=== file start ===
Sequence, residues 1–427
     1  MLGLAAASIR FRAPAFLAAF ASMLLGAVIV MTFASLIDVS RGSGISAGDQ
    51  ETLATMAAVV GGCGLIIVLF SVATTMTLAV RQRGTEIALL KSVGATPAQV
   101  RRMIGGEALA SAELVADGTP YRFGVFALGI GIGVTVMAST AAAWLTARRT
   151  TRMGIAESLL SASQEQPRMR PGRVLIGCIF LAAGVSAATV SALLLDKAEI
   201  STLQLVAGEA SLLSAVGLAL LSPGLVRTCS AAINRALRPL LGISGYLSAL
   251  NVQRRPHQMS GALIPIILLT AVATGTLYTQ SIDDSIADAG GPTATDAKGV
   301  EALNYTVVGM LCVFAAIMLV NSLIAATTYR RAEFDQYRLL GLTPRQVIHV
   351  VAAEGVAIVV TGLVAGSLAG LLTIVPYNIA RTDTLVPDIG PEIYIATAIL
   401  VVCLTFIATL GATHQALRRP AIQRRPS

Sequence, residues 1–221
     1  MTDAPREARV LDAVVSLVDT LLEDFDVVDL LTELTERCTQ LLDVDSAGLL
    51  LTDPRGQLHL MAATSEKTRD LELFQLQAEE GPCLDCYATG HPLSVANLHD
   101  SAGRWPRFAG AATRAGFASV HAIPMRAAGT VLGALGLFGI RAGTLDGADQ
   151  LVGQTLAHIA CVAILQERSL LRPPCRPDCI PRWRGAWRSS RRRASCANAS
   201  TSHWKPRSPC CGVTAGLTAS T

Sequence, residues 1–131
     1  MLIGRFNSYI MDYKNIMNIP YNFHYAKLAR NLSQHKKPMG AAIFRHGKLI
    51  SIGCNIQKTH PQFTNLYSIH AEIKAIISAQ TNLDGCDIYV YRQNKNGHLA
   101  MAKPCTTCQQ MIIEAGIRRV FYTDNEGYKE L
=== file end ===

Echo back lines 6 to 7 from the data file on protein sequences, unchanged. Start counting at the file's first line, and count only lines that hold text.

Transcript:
   201  STLQLVAGEA SLLSAVGLAL LSPGLVRTCS AAINRALRPL LGISGYLSAL
   251  NVQRRPHQMS GALIPIILLT AVATGTLYTQ SIDDSIADAG GPTATDAKGV